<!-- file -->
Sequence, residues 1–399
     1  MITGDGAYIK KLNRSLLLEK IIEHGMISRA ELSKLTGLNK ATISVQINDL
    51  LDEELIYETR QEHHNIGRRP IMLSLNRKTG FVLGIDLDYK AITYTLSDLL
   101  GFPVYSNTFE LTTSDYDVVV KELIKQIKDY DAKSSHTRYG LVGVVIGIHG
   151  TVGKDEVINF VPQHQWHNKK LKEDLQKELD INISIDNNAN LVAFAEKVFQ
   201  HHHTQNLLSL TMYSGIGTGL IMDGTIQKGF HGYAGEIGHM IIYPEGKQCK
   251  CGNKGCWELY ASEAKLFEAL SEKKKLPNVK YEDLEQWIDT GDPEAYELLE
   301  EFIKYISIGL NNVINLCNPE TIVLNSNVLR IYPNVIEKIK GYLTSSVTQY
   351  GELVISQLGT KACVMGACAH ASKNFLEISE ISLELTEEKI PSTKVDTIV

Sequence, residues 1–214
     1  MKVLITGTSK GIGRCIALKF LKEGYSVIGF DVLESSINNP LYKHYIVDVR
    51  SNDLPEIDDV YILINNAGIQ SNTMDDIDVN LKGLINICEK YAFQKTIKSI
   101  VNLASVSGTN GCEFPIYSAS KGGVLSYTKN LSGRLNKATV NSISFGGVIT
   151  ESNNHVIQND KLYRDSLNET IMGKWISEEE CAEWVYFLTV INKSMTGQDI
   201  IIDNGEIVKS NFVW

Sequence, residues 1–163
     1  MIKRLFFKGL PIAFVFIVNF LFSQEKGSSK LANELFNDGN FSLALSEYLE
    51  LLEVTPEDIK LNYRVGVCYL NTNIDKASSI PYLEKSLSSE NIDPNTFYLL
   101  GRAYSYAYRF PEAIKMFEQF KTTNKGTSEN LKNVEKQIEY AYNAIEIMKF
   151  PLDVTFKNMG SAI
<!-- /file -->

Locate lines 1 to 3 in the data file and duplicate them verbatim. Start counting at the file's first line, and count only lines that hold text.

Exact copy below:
Sequence, residues 1–399
     1  MITGDGAYIK KLNRSLLLEK IIEHGMISRA ELSKLTGLNK ATISVQINDL
    51  LDEELIYETR QEHHNIGRRP IMLSLNRKTG FVLGIDLDYK AITYTLSDLL